“Rule one of reading other people’s stories is that whenever you say ‘well that’s not convincing’ the author tells you that’s the bit that wasn’t made up. This is because real life is under no obligation to be convincing.” – Neil Gaiman
I write historical fiction now so I don’t have the temptation to slip in first-hand contemporary anecdotes. And it would be a temptation; imagine if you could time travel and Khubilai Khan leans over to you during a banquet in Shang’tu and whispers: “You’ll never believe what happened to me once when I was pillaging the Chinese …”
And you rewrite your plot just to fit in his story.
I recently re-edited and re-released some books I wrote about the genesis of the drug trade in South East Asia. (Because they had never published in the US before.) When I wrote them, I went to Thailand, Laos and Vietnam for the research but I needed some inside information on the Triads so I ended up in Hong Kong. With some persistence I found a detective inspector with the glorious monicker of John Chetwynd-Chatwin, a man of infinite charm and patience who offered to help me. He introduced me to a number of his friends and colleagues in the Hong Kong police force.
One of his fellow DCI’s – a brilliant character and a lovely bloke who looked a bit like Magnum PI down to the S&W down the back of his pants – took me under his wing and showed me around. He was great company and also a fantastic story teller.
One of the stories he told me was about two triad henchmen who were at a loss with what to do with a body one night – as can so easily happen – and so they broke into a dumpling factory and tried to force the corpse through a mincer. Yum cha anyone?
But the body jammed, and when one of them tried to release it he got his hand stuck in the machine and lost two of his fingers. After his mate retrieved them he took his pal and his mangled digits to the local emergency department. The doctor who tried to re-attach them was quite puzzled. His patient had lost an index finger and a thumb. What they had brought in with them to the ER was a pinkie and part of a toe.
His suspicions were aroused, as they say.
And that’s how the cops made the arrest. The two hitmen were caught red-handed.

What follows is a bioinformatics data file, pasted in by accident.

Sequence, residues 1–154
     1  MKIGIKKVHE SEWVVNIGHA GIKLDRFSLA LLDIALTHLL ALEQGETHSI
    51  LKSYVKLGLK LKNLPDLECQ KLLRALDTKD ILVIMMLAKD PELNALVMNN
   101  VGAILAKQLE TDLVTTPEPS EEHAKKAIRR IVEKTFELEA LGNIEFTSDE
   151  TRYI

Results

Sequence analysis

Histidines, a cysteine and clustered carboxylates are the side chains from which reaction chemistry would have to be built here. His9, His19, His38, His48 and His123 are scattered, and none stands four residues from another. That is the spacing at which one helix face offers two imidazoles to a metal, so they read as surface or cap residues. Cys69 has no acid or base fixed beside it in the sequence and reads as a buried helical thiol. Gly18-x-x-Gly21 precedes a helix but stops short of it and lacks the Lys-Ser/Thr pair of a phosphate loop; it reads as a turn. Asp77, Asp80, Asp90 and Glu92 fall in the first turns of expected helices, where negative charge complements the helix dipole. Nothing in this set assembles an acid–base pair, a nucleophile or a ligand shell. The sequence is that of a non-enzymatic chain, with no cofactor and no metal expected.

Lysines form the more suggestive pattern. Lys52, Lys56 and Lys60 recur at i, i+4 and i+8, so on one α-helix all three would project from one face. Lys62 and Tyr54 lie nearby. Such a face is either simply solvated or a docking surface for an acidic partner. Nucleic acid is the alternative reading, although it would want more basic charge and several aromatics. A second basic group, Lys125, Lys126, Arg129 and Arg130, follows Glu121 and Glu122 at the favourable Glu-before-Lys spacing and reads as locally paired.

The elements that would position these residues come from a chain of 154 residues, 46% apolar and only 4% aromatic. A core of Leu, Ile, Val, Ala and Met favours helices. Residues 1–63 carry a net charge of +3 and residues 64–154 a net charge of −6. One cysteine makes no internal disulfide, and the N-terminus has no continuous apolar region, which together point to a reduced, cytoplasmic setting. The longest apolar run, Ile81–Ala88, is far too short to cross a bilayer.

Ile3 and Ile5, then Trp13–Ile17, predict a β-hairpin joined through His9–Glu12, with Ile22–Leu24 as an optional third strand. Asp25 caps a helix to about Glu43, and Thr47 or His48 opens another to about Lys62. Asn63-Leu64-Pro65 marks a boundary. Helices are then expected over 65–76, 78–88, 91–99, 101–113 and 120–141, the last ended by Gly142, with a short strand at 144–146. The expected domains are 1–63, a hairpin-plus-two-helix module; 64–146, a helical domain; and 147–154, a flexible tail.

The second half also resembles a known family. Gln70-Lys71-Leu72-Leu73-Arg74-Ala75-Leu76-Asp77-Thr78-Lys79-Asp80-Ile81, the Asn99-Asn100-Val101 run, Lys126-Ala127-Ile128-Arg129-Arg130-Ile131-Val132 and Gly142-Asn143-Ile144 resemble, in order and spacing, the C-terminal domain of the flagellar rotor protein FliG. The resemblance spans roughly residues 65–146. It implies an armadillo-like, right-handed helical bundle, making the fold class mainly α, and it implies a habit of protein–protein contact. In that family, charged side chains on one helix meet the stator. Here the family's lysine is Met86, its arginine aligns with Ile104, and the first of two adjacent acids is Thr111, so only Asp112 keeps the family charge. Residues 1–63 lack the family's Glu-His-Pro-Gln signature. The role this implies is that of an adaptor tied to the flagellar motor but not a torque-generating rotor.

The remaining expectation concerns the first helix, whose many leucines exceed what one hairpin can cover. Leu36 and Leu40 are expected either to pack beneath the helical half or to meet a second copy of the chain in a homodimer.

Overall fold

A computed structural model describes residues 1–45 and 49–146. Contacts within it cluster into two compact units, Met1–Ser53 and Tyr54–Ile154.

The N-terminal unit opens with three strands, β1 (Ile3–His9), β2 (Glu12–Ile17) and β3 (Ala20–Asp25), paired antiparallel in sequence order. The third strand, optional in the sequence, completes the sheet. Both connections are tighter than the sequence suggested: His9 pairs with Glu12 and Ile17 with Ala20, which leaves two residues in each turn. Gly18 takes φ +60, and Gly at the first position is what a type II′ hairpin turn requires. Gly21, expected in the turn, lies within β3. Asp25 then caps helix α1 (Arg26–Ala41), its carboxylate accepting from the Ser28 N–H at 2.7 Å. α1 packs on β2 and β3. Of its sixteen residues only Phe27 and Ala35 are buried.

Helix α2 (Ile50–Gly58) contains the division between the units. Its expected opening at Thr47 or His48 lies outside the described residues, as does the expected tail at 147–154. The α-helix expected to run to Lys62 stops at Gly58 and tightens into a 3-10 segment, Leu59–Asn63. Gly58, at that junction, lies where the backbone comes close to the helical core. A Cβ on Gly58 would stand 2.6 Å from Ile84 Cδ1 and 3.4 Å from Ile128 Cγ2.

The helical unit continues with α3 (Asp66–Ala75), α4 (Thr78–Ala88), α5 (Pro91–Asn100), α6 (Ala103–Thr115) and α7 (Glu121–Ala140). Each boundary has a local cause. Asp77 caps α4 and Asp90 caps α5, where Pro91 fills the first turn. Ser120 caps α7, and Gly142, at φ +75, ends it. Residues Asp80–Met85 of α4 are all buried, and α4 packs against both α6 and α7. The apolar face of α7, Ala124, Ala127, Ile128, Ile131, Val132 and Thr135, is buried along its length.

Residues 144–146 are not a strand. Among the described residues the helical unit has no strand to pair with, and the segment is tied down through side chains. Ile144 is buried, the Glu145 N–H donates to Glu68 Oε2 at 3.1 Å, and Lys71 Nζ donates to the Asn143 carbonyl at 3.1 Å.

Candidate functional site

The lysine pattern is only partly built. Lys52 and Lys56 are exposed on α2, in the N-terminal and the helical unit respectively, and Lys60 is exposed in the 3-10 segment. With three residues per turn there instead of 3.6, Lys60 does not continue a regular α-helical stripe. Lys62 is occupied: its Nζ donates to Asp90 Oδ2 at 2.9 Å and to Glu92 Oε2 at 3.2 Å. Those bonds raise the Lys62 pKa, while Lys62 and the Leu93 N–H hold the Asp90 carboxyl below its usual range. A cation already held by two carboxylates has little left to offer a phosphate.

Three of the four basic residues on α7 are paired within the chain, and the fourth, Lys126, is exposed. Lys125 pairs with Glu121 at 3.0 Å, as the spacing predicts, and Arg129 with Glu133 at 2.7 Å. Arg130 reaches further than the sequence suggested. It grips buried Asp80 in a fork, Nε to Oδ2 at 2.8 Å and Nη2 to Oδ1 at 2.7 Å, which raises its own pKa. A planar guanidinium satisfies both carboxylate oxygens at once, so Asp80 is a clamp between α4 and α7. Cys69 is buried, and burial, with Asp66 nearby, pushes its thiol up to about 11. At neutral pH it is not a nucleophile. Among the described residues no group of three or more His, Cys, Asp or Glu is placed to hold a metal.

The other story involved a couple who leased a 26th floor apartment in Kowloon and decided to reinvigorate the sadly neglected window box. It was massive, probably the size of a small car.
When they started digging, they discovered to their great surprise that it contained an acquaintance of the previous tenant. The last occupier, to the surprise of no one in the Hong Kong police, had recently emigrated and left no forwarding address. He was known to them, as the saying goes.
Didn’t even try and get his bond back.
|photograph: Eckhard Pecher|
Naturally, I found a way to work both these stories into my plot, thinking I was being very smart. But I discovered there is a danger to doing this.
Several friends read the book and afterwards they took me aside: “Look, loved those books you wrote about the triads …but that bit about the meat mincer … and the window box … wasn’t that a bit far-fetched?
The only things they found incredible, in fact, were the two things I never actually made up.
Oh, in terms of research and historical accuracy, the books were sound. But the business, the action, the incidents – all invented. Plausible, possible – but imagined. Except for these two stories. And they were the two things they picked up on.
So it’s true; truth always is stranger than fiction. Truth doesn’t need a reason to exist. But your story – well everything there has to make sense in terms of the entire fabric.
So from now on I try very hard to make my fiction realistic; but not so realistic that people think that – well … think that that I’m just making it up.
The OPIUM series traces the growth of the heroin industry from the days of Corsican pilots throwing sacks of opium into the backs of Cessnas to the multi-million dollar business of the nineties. And today I’m giving away the first three ebooks in the series to the first person who can email me and tell me the name of the area where most South East Asian opium poppies are grown. Clue: it’s not Bermuda. Write me at colin underscore falconer underscore author at hotmail dot com.